Small enterprise development in rural Swaziland: current status and research needs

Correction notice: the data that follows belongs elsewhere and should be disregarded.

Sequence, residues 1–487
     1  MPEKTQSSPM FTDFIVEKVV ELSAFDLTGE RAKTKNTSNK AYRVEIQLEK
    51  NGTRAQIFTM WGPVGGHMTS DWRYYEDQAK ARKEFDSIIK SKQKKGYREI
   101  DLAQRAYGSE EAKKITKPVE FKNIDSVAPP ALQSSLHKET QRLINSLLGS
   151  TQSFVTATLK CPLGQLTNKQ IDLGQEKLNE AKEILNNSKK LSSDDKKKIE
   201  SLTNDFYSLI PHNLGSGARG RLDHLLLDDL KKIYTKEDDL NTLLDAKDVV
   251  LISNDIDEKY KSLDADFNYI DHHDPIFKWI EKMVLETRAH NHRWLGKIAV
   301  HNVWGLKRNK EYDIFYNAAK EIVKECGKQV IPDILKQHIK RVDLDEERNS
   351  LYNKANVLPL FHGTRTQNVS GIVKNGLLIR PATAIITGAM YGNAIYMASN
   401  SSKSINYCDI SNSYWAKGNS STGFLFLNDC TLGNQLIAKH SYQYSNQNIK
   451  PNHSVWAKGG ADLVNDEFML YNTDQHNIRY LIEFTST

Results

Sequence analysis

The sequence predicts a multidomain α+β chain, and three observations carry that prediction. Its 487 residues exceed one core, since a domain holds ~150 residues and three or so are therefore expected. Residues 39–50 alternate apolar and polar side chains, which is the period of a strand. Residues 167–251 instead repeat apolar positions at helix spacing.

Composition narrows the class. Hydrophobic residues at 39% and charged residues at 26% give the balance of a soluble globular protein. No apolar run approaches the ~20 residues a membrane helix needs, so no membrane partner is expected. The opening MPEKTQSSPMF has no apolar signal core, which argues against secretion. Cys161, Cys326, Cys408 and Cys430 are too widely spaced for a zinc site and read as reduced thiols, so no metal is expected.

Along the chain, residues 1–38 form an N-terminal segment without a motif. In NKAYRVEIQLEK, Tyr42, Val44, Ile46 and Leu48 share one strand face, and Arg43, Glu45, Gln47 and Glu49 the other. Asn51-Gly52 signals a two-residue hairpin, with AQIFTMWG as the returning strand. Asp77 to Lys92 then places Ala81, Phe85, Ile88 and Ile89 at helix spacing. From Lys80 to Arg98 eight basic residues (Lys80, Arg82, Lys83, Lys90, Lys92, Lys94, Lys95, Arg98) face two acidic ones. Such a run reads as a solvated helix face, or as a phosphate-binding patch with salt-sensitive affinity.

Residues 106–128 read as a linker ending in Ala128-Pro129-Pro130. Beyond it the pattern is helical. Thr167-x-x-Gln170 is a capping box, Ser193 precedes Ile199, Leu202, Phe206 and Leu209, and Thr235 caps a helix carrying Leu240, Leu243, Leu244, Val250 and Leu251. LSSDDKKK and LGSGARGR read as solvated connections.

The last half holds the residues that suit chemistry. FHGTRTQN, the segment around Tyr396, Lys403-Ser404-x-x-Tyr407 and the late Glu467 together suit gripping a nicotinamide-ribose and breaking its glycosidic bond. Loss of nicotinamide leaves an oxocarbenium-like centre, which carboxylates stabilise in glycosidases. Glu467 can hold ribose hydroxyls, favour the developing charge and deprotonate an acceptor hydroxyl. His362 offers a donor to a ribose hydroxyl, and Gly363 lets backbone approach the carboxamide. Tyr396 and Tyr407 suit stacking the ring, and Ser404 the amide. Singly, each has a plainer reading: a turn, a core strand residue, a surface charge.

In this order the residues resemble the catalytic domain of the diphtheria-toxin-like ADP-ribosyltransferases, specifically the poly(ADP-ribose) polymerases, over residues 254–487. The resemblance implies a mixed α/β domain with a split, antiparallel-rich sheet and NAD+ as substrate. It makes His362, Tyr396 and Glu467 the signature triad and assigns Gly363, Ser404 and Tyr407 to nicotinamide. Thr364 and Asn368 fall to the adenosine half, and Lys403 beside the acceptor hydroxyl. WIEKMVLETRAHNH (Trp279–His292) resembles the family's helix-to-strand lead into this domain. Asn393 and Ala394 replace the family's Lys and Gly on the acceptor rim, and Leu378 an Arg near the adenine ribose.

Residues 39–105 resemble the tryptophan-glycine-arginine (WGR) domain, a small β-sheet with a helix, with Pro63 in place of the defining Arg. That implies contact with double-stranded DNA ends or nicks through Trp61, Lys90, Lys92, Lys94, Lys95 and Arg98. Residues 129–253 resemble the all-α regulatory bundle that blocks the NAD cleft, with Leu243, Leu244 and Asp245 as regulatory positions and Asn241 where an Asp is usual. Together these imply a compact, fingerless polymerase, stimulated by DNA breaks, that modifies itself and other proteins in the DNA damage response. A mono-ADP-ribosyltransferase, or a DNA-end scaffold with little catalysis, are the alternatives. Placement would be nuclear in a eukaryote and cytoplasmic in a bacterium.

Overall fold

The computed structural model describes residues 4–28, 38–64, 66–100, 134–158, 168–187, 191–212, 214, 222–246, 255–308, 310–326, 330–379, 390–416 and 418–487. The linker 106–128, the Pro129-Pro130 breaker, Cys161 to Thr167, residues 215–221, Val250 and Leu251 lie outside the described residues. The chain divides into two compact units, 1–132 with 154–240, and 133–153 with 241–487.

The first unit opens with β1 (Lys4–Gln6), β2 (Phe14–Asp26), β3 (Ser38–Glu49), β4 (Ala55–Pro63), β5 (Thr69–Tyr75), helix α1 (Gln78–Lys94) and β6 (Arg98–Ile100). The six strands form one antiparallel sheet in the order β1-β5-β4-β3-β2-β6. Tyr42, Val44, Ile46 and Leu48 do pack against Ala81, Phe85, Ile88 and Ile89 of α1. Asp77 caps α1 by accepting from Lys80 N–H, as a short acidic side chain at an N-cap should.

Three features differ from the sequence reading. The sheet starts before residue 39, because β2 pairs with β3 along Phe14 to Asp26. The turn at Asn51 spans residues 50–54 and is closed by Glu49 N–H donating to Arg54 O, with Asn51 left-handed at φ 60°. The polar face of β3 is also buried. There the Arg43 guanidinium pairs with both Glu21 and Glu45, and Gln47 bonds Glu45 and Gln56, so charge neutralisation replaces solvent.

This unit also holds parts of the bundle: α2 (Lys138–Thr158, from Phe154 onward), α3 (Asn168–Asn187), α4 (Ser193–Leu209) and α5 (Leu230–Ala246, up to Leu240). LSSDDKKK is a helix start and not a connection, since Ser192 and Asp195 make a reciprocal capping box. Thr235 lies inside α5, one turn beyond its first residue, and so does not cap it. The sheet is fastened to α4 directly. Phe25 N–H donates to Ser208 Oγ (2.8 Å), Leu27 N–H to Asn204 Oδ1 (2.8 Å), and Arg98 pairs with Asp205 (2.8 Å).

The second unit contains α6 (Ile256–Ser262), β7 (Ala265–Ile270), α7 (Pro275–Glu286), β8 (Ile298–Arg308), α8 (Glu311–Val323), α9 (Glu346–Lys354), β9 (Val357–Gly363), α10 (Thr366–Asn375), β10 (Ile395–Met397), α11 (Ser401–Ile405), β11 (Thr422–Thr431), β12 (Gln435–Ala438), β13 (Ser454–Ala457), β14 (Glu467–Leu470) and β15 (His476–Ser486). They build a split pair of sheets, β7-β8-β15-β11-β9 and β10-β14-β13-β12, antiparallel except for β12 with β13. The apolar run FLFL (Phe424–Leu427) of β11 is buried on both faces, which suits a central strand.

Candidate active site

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There is increasing international concern over the shortfall in food production in Africa. However, there is another issue that has yet not been fully explored--the issue of access to food. A critical question is the role of rural small enterprises in generating rural employment and income as a means of increasing access to food. The tie between rural enterprise development and food production in Swaziland has been examined by Magagula (1980), de Vletter (1984), Carloni (1982), McCann (1981,) and Neocosmos (1985). The government of Swaziland is promoting small rural enterprises because of the realization that only a fraction of the annual additions to the labour force can be productivel^employed in urban areas and farming because of the large numbers of business that are owned by expatriates. This paper explores and describes existing small rural enterprises in Swaziland. The definition of a small rural enterprise usually includes capital levels, labour and employment levels, ratio of capital to labour, ownership structure, control and responsibility, and legality. Brown (1987) defines a small enterprise as an inseparable entity from the individual.